When my babies were like 3 days old, my husband would give them their first bottle - just a tiny bit - just to get them used to eating from a bottle - not enough to interrupt their appetite for breast milk. They'd sort of push the nipple out of their mouths with their tongues at first, then if we'd shake or squeeze the bottle so they could taste a drop or two of milk on the nipple, they'd get the idea pretty quick. Sometimes it would take a few minutes. We found that we needed to do this when the baby was slightly hungry so he/she would want to suck - but not super hungry or they'd just get frustrated!
Then every evening (or every couple of evenings) they'd get a little feeding time from dad - some expressed breastmilk or a tiny bit of formula or even a little water (I liked them to learn to drink a bit of water so that if milk wasn't around, they'd accept a little warm water to tide them over - very handy when I was driving somewhere and the baby was fussy but we didn't have formula or breastmilk handy - a little warm water would soothe the baby for a few minutes until we could stop and do a proper feeding).
Feeding "solids" to Babies and Toddlers
You know those "squeezable" fruits and veggies you can buy in those little pouches to feed to your kids? You can feed your babies the same sort of stuff with the same convenience, same lack of mess, and less environmental impact and expense by doing this:
- get a baby bottle with a cross-cut nipple
- use sharp scissors to snip that "x" a little bigger
- put pureed food or rice or oatmeal cereal inside the bottle (applesauce, veggies or fruits you've cooked and blended in your blender, or a jar of babyfood)
- feed it to your baby or toddler
My mom taught me this trick explained above - she fed all nine of us this way when we were ready for solid foods. I asked my pediatrician about this method when I first had kids and he said it sounded great but that it could lead to overeating and to children not learning to eat from a spoon if we weren't careful. So we were careful. And we did spoon feeding as well as bottle-feeding (spoon-feeding when we had time to sit the baby in a highchair and have a nice little social eating time together, bottle feeding when they needed solid food but we were on the run). Worked like a charm. And I think my kids learned to eat more variety of foods at a younger age when they could receive it in a more familiar form - a bottle - rather than having to deal with learning to eat from a spoon WHILE learning to accept new flavors and textures.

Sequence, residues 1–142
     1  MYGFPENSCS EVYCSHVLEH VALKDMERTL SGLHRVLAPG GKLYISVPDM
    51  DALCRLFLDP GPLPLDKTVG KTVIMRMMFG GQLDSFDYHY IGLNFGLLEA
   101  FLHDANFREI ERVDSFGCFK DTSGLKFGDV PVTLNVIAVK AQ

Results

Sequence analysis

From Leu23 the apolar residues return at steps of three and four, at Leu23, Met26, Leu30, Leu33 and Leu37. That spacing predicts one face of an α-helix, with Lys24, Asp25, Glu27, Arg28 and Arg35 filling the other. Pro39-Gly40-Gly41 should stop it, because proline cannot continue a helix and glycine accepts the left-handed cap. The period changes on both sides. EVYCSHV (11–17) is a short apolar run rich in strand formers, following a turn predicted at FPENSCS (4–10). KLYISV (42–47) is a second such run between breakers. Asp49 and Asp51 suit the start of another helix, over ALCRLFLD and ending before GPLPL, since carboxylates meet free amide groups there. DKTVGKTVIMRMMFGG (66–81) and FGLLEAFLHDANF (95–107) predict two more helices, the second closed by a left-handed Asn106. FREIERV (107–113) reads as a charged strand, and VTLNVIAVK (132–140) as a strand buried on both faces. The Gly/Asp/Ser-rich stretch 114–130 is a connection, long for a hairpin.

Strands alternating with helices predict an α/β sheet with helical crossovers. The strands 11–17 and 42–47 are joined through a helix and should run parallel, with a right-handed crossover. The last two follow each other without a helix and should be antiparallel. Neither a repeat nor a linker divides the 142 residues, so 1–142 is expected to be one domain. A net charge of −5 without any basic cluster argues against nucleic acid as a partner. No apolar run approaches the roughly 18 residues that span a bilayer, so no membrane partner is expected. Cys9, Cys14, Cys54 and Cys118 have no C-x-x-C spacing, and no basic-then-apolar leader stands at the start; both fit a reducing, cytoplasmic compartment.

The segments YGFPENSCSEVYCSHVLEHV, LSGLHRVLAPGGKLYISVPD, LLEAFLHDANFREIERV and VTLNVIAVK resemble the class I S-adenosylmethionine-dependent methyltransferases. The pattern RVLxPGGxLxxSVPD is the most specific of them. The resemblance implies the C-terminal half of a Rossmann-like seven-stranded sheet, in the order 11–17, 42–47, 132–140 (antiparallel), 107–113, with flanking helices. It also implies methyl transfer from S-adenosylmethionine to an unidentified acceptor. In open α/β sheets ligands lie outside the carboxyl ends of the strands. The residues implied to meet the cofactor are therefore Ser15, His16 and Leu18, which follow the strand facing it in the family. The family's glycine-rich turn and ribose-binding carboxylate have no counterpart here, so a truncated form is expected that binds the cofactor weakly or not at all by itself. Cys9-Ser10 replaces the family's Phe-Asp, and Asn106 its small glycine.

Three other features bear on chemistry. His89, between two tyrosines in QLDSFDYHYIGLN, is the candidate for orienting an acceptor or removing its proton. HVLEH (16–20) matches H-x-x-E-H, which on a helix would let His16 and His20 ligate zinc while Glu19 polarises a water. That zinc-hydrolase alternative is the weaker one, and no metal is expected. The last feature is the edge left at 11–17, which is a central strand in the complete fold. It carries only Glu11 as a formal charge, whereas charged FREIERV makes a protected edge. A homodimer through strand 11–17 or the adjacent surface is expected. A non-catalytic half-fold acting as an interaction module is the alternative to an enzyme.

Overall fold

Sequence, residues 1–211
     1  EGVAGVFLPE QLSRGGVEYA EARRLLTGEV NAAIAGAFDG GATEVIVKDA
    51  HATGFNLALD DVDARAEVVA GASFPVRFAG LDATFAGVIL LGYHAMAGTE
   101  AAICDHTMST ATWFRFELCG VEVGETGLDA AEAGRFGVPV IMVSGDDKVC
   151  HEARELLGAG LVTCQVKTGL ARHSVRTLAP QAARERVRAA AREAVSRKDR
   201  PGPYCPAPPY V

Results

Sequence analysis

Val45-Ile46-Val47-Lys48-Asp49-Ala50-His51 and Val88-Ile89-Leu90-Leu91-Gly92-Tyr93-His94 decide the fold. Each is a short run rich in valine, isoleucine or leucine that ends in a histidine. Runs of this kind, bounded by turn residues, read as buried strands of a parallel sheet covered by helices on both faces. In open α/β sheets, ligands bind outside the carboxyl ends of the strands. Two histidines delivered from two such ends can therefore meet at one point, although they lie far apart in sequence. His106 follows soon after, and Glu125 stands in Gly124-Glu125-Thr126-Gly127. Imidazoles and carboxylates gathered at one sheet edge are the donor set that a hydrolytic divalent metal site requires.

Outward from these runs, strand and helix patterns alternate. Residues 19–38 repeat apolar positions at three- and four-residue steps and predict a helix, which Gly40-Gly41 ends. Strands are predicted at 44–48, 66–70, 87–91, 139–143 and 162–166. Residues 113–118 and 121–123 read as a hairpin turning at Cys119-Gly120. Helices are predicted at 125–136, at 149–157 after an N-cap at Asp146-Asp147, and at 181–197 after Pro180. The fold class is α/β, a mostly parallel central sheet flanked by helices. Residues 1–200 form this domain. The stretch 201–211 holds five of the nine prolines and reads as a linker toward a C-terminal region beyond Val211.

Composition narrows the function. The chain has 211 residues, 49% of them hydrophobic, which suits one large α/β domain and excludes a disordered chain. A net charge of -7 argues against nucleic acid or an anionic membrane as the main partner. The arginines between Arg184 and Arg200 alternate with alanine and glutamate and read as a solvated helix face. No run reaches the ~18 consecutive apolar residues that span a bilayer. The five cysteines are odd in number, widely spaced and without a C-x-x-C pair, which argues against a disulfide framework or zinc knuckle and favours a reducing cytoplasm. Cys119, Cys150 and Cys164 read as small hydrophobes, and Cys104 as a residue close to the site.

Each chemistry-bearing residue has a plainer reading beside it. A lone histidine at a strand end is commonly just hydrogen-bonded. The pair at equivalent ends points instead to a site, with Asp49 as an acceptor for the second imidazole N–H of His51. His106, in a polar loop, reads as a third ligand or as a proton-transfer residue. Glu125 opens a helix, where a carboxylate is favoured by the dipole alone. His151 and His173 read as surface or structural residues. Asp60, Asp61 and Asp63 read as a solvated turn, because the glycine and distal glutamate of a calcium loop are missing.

The bottle feeding method is also great for helping babies accept new flavors. My mom would put something the baby already liked - like pureed pears or bananas in the bottle first, then some peas or squash or beans or something they may not totally love at first taste in next, then top off the bottle with more of the pears or bananas. This way, the baby would start sucking, taste the food he liked, then be so into eating that he didn't really notice or mind when he got to the peas or beans, then enjoy a little "dessert" of more pears or bananas at the end.
All nine of us are good eaters. We were never picky and would always eat pretty much anything placed in front of us. I think this method of feeding us solid foods as babies really helped!